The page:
3 minute read • published in partnership with HVM Catapult
Case Study: How AMRC helped healthcare manufacturer de-risk automation investment
Robotics and automation researchers at the University of Sheffield Advanced Manufacturing Research Centre (AMRC) , which is part of the High Value Manufacturing Catapult, are helping a Yorkshire-based healthcare group improve the efficiency of their production facilities by testing the adoption of new technologies without the need for any capital investment to validate the system.
Health Innovations Group is a Skipton-based SME that manufactures and packages a range of nutritional supplements, consisting of several companies, two of which are Health Innovations UK Ltd and its subsidiary Vitrition UK Ltd.
Both companies were visited by engineers led by Matt Bacon, SME project manager at the AMRC’s Integrated Manufacturing Group (IMG) to determine how best to optimise their current manufacturing processes, which are heavily reliant on operators performing manual tasks.
Jamie Shoesmith, IT and Systems Director for Health Innovations, said: “From the initial discussions with Matt he was upfront about the return on investment we would get from this project and the timescales were followed down to a ‘T’.
“Matt and I spoke regularly about the progress of the project and he even did some thinking outside of the box at times to try and optimise the success of the project.
“The execution was very detailed and a lot of considerations were made. Whilst it wasn’t the expected result, it is these types of prototyping measures which we needed to justify the next step before we committed to an unsuitable investment.
“This was by far the best bit for me. The findings, analysis and exploration of next steps were presented in a clear, concise and professional manner. The result is that we are looking to explore the next piece of work with the AMRC.
“Without the AMRC’s work on this project we would have found it very difficult to test a theory and would have thus struggled to justify an investment into some process automation.”
For Health Innovations, the IMG team was asked to develop and de-risk a process that automatically packages vitamin bottles into plastic trays. For Vitrition, IMG developed a process that allowed bottle caps to be automatically assembled on to liquid bottles, which is currently processed by an operator.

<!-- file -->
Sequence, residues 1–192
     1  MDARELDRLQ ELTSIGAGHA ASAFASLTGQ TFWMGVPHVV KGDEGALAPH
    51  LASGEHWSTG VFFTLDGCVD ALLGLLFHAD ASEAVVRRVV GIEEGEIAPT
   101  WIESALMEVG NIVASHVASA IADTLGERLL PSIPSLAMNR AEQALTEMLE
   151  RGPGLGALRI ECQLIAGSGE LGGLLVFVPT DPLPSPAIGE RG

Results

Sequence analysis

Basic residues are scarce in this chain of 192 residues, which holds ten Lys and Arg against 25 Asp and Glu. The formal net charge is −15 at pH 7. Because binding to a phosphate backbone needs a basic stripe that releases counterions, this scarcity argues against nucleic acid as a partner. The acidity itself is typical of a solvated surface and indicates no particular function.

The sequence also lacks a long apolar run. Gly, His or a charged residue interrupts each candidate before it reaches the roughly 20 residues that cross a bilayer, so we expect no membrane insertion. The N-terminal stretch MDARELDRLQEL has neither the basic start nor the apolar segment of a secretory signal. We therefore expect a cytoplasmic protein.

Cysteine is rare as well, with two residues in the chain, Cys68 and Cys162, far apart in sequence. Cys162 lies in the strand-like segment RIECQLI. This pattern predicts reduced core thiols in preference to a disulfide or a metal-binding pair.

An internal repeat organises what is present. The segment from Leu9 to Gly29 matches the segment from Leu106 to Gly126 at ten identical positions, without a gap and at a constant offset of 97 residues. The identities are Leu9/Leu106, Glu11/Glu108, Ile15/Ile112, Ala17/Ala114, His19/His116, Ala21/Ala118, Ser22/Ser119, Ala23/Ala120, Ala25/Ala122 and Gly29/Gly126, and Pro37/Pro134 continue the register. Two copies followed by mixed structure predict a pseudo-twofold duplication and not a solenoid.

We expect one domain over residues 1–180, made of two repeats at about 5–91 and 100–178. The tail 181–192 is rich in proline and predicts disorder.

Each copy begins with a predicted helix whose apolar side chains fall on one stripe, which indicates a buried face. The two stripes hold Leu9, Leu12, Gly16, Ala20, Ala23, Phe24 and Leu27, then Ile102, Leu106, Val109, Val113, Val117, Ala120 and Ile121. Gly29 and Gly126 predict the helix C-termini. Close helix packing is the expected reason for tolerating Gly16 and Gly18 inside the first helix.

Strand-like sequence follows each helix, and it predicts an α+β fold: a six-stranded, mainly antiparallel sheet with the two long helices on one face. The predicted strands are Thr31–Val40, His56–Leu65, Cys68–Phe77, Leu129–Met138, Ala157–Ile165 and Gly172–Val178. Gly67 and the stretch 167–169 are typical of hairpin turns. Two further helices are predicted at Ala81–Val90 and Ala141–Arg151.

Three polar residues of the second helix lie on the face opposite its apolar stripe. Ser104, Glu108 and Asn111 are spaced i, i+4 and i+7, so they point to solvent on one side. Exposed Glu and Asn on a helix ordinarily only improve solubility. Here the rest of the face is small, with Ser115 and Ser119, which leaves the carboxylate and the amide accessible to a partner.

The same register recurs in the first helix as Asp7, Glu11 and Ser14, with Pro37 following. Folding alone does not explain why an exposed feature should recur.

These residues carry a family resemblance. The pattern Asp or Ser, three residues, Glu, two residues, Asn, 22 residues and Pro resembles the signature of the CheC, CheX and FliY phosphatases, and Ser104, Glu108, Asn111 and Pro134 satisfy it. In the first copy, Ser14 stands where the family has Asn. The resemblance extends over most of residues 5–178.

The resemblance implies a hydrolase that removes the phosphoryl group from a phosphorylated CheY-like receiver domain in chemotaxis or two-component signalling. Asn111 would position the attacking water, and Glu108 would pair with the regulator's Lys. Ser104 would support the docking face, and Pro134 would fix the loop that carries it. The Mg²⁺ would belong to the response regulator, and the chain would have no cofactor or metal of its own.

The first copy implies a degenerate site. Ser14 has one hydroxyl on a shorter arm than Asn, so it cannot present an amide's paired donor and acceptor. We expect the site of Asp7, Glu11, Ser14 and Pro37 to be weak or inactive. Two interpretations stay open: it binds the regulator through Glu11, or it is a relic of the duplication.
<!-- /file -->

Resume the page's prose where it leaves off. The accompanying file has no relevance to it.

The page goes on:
These processes were validated using a bespoke cell located at the AMRC’s Factory 2050. This cell contained a UR10 (Universal robot variant) and bespoke fixturing to help determine whether this type of robot arm was most appropriate for the task in hand.
The objective of the project was to ensure that Vitrition/Health Innovations were able to make sound investment decisions by identifying the most appropriate equipment. This was achieved through the validation performed at IMG, utilising its wide range of robotics.
Health Innovations package a significant range of bottles in various shapes and sizes, which are all processed manually by an operator.
“It is a process they are looking at automating and were interested in using an industrial robotic arm to do this, preferably the UR10 due to cost, flexibility and usability,” explained Matt. “We agreed to do a demonstrator to show how the UR10 robot could be used, whilst validating an appropriate end effector and determining whether the robot could perform to the required rate.”
The second piece of work focussed on Vitrition’s cap-screwing process. Matt said: “At present, Vitrition relies heavily on operators to apply the bottle caps, using a small handheld pneumatic device. It is Vitrition’s intention to fully automate this process for an entire range of bottle cap products.
“To help Vitrition along that journey the AMRC developed a process that allowed the automatic cap application of two bottle variants, one of which contained a syringe attachment. Illustrating these processes gave the customer confidence in pursuing a specific avenue for all other variants.
“After investigation and demonstration completion it was determined that the UR10 wasn’t the correct robot for the job due to speed restrictions and joint configurations.
“However, the AMRC researched additional options for Vitrition and discovered a robot alternative that would be more appropriate, which was well received.”